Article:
Engineered Protein Binds to Alpha-synuclein to Prevent Toxic Clumping, Study Reports

Engineered Protein Binds to Alpha-synuclein to Prevent Toxic Clumping, Study Reports

An engineered protein known as AS69 is able to bind to individual units of alpha-synuclein to prevent them from clumping, and — in a fly model of Parkinson’s disease — its use led to preserved motor function, a study reports.

The study, “An engineered monomer binding-protein for α-synuclein efficiently inhibits the proliferation of amyloid fibrils,” appeared in the journal eLIFE.

Cellular aggregates, or clumps, of the protein alpha-synuclein are an established hallmark of Parkinson’s and focus of research into treatments. “The link between [alpha]-synuclein aggregation and PD [Parkinson’s] has been known for two decades … however, translation of this scientific discovery into a therapy has proven challenging,” the scientists wrote.

A team of international researchers now engineered a binding protein, known as beta-wrapin AS69, that can bind with high affinity to monomers (single units) of alpha-synuclein and induce a specific conformational or structural change called a beta hairpin.

The alpha-synuclein region that adopts this structure is essential for its clumping, as indicated by the presence of a cluster of disease-related mutation sites. Upon binding to this region, AS69 stops alpha-synuclein from aggregating into amyloid fibrils.

To better determine the potential of AS69 as a therapy, the scientists also tested it in cellular and animal models.

In vitro, the team confirmed that AS69 specifically worked to lower alpha-synuclein aggregation and not its amount, testing both with wild-type (normal) protein and a variant (A53T) previously linked to familial Parkinson’s and to quicker protein clumping. (In vitro refers to experiments in lab dishes; in vivo experiments are those within a living organism, including animal models.)

In fruit flies with A53T alpha-synuclein in their brain nerve cells, AS69 was then seen to preserve the flies’ ability to climb (reflecting motor function), which was associated with fewer alpha-synuclein aggregates. This climbing ability progressively declined in the absence of AS69.

Protein aggregation is a complex process involving multiple microscopic steps. It starts with an event called primary nucleation, in which misfolded (altered shape) proteins clump together to form fibrils, which then elongate. This first step proceeds slowly, potentially taking up to several decades.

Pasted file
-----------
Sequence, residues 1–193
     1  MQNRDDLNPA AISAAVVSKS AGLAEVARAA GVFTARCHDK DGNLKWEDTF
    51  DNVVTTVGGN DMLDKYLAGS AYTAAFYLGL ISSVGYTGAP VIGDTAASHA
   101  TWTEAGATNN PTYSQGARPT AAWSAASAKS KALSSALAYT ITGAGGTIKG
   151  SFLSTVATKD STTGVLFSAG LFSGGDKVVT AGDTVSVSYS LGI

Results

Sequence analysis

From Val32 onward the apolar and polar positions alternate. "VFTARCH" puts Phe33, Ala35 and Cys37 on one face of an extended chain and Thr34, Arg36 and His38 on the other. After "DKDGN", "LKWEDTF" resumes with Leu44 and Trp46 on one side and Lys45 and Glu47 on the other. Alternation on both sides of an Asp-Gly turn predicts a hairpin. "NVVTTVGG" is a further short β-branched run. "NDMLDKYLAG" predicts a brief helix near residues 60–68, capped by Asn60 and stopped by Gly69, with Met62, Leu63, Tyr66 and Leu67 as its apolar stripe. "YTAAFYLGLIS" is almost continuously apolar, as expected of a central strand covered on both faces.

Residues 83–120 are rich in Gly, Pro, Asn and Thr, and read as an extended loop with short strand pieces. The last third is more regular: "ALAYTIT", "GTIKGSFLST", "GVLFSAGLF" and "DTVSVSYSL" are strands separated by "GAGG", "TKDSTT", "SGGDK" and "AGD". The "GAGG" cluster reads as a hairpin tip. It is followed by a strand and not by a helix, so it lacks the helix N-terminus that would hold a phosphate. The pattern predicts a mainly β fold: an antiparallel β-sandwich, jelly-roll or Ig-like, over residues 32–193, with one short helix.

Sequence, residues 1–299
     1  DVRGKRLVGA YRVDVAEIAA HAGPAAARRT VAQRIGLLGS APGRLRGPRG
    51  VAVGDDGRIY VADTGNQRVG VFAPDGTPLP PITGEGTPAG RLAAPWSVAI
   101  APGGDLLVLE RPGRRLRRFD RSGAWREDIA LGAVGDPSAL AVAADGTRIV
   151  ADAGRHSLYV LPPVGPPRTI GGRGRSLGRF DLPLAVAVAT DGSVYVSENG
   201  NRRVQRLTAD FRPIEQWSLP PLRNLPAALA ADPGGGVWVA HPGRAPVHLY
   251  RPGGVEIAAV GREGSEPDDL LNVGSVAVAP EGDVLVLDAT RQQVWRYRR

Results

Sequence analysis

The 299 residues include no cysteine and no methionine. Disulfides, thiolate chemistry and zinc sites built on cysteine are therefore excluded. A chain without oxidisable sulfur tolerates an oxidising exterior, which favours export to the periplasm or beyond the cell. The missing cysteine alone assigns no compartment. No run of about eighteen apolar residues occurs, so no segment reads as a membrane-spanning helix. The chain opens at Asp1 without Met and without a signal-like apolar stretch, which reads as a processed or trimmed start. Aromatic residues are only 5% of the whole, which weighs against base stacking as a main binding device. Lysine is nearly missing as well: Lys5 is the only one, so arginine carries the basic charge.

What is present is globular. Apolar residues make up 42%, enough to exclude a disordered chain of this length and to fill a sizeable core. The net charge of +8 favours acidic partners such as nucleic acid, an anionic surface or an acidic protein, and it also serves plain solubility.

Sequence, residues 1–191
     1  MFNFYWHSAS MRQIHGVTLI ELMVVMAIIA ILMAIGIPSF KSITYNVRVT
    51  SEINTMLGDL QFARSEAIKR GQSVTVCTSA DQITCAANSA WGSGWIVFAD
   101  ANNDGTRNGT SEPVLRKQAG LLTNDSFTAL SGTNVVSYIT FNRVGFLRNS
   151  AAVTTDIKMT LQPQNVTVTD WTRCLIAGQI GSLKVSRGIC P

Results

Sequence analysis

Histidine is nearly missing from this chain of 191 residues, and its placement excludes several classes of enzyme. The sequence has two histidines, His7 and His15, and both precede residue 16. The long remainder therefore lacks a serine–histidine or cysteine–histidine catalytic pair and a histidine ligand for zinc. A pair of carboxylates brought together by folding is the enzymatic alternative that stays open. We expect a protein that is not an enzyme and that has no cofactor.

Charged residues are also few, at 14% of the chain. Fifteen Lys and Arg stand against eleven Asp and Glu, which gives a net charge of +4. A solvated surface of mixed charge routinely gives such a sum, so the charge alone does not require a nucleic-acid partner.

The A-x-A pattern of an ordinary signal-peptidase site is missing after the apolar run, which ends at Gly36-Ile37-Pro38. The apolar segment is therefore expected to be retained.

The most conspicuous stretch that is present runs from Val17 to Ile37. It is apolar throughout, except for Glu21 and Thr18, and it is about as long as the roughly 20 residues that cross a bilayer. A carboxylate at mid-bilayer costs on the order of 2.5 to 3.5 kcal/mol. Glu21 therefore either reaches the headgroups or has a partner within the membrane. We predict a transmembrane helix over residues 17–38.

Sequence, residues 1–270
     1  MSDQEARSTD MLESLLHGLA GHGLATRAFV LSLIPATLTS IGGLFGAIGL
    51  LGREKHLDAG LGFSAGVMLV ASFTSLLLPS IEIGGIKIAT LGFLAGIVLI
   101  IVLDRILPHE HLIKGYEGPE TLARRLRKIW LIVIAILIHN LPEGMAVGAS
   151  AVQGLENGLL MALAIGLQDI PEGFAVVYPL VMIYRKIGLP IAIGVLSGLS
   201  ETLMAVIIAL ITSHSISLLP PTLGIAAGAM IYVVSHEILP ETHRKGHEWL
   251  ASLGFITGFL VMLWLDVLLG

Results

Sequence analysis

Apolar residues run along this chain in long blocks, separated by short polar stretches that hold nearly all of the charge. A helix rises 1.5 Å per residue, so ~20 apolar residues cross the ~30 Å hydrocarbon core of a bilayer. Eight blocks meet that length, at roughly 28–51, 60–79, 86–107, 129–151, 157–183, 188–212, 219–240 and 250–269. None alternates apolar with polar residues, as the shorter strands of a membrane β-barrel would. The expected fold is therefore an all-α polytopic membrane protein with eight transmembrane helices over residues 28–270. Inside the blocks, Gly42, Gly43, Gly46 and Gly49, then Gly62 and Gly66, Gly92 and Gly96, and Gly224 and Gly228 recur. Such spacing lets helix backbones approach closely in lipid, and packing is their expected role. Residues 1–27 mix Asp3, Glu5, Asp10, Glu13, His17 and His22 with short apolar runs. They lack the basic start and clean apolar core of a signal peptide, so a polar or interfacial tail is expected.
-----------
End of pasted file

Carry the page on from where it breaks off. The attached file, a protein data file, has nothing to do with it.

A later event is called secondary nucleation. Here, aggregation speeds up and exponential growth occurs, with existing clumps promoting the formation of new ones. This faster phase is associated with evident disease, and a potential for rapid progression.

When the team investigated specific steps of alpha-synuclein protein clumping, it found that fibril elongation was suppressed by AS69 in a concentration-dependent manner. Both fibrils and AS69 competed for the single units of alpha-synuclein, but while the interaction with AS69 occurred within seconds, binding to fibrils took minutes to hours.

In contrast, the interaction of free AS69 with fibrils was weak, if it existed at all.

AS69 was also found to interfere with lipid (fat)-induce alpha-synuclein aggregation, and was a more efficient inhibitor of the amplification of alpha-synuclein amyloid fibrils than beta-synuclein — a protein known to suppress alpha-synuclein clumping.  Importantly, by binding to alpha-synuclein, AS69 also prevented secondary nucleation.

Based on these results, the team proposed that the complex of AS69 with alpha-synuclein incorporates into a fibril precursor, and prevents this precursor from undergoing the structural changes needed for further aggregation.

“An inhibitor functioning according to this dual mode, that is being active both as a free molecule and as a complex with (…) [alpha]-synuclein, is expected to efficiently reduce [alpha]-synuclein aggregation in vivo,” the researchers concluded.

José is a science news writer with a PhD in Neuroscience from Universidade of Porto, in Portugal. He has studied Biochemistry also at Universidade do Porto and was a postdoctoral associate at Weill Cornell Medicine, in New York, and at The University of Western Ontario, in London, Ontario. His work ranged from the association of central cardiovascular and pain control to the neurobiological basis of hypertension, and the molecular pathways driving Alzheimer’s disease.
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José is a science news writer with a PhD in Neuroscience from Universidade of Porto, in Portugal. He has studied Biochemistry also at Universidade do Porto and was a postdoctoral associate at Weill Cornell Medicine, in New York, and at The University of Western Ontario, in London, Ontario. His work ranged from the association of central cardiovascular and pain control to the neurobiological basis of hypertension, and the molecular pathways driving Alzheimer’s disease.
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2 comments

  1. Jb says:

    Anyone reading this today will most likely never receive any benefits of this (if it ever does proceed) still on …. fruit flies ……worms …… mice.
    Last real discovery to help those with Parkinson’s was in the 1960s – levodopa Nothing if real significance developed since I guess the question that follows- why no results ? I was once told “researchers” are really more about being published than making discoveries. Levodopa isn’t a cure and for some isn’t at all effective

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